RickP

Established 1960, Still Not Dead
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I don’t think I have two guitars that play exactly the same, even identical models, and it doesn’t bother me at all. As long as it doesn’t buzz (I don’t use low action anyway) or fret out, I am good to go. This assumes it plays in tune, but otherwise I can adjust to it.

When I hear people saying they can’t play a guitar because of a neck carve, or a fret type, or a fingerboard material, I just feel sorry for them. I love the way a guitar feeling different makes me play differently, and takes me to new places. No offense intended to those who have to have every item just so. I’m just happily oblivious to the minutiae of setups.
 

veinbuster

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Anything in the ballpark is fine with me. A couple guitars might get a seasonal tweak of the truss rod, but most don’t. Between the super wide, flat classical and my insanely narrow LP proto 1/32” has become meaningless to my fingers.

And my fingers aren’t precise enough for super tight tolerances to matter any more.
 

WEDGE

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My favorite guitars historically are the ones I almost never have to touch the setup on. If I am fighting to get it right I think I subconsciously label it trade bait. My favorite now I have never touched and actually leave it hanging on the wall which is a first for me. Maybe that helps to not be in the case all the time?
 

BrianC

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I play with the truss rod a bit to dial it in to my preference. Maybe a bit too high for some.

I find that if I bend strings in high E I can gauge how it is - too low too high

I need to get some meat of my finger tips under the strings to bend better and not "skip off" if its too low

I start too low and adjust up slowly to find the sweet spot. A balance.
 

goat-n-gitter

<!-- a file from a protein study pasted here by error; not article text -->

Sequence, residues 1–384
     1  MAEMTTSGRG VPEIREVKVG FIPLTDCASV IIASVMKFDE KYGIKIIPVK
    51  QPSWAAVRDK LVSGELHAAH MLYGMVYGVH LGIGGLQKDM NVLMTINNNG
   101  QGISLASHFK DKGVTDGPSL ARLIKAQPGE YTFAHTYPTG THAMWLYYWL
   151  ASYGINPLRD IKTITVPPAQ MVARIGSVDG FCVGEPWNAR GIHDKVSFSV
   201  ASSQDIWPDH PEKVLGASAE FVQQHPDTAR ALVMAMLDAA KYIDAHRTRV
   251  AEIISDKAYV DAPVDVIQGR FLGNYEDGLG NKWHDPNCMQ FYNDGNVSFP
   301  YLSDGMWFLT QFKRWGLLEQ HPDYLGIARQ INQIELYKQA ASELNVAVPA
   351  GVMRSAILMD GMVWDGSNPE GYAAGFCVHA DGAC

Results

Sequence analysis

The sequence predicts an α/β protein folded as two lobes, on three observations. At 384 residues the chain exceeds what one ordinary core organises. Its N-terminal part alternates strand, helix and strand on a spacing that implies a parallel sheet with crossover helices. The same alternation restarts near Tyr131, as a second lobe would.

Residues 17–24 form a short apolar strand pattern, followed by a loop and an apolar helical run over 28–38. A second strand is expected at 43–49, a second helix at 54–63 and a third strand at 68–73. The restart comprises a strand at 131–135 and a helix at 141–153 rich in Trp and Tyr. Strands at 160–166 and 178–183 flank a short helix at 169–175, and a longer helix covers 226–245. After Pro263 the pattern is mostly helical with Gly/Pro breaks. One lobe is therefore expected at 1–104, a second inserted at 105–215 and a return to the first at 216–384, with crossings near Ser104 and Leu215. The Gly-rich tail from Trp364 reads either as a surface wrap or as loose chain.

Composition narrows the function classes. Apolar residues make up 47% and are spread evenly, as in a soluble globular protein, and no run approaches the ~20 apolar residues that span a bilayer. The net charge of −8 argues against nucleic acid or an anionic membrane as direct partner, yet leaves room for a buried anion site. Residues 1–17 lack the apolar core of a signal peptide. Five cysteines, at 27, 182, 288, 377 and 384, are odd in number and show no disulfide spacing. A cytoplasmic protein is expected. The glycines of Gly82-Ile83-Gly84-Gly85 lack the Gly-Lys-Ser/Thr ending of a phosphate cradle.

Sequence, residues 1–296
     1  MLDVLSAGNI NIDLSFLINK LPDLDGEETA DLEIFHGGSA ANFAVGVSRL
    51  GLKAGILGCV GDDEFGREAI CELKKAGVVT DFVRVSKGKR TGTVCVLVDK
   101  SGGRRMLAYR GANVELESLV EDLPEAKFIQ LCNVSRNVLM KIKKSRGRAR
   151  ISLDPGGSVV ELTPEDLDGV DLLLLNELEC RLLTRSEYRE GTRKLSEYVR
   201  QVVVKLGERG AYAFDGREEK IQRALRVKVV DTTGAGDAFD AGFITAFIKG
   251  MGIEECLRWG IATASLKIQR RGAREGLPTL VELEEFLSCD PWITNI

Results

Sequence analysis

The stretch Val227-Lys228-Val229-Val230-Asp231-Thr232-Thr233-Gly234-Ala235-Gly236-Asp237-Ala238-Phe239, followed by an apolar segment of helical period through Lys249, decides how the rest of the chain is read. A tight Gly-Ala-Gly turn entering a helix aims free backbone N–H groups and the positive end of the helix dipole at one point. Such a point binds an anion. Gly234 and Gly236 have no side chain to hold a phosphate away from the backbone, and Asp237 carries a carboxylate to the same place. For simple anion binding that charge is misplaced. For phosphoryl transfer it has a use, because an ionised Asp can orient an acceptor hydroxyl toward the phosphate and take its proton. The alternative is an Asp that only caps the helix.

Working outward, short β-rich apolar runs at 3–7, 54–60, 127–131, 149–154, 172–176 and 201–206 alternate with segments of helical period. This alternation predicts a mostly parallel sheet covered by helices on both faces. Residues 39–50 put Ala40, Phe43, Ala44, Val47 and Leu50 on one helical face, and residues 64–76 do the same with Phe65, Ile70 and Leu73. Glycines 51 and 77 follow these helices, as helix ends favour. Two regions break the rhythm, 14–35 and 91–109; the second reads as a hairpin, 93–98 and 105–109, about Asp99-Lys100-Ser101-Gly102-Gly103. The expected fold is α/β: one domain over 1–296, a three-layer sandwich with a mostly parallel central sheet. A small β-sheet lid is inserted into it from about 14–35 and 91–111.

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I Generally just make seasonal truss rod adjustments. My piezo equipped guitars are more sensitive, as any buzz will come through the piezo to the P.A., whereas a little buzz isn't as noticeable through an electric amp. So, I may leave a tiny bit of buzz in for better action on a purely electric model vs. higher action on the piezo to have zero buzz.
 

LSchefman

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When I first get a guitar, Jack Gretz checks the factory setup and might tweak it just a touch, because after doing biz with each other for many years, he knows what I like - I actually have no idea what exactly he does, and probably can't duplicate it! Anyway, that's my holy grail setup.

The guitars tend to stay beautifully set up for years. I keep them all cased with a D'Addario humidipak when not in use, which probably helps explain the stability.

It's worked out pretty well. I've only needed one setup in the last 7 years, on one guitar. Jack was kind enough to do that when he changed out a pot that had failed. That was two or three years ago, and it's still perfect.
 

CandidPicker

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If the guitar is a used piece, it's common and standard practice to set up a guitar, simply because the previous owner may have tweaked something to his liking, rather than what your ears might like.

Anything straight from the factory I've never needed set up. Only used pieces. Typically to accommodate string gauge, action, or pickup height.
 

alantig

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I'll do the occasional tweak. But for the most part, once it's dialed in, my guitars have been very stable. Two or three exceptions - I have a Hamer Eclipse that tends to need an annual tweak, an Artist V that needs a tweak probably every couple years. And the jury's still out on my parlor. I've tweaked that a couple times in the almost year I've had it. Once I get it over to Elixirs, I'll have a much better idea.
 

dogrocketp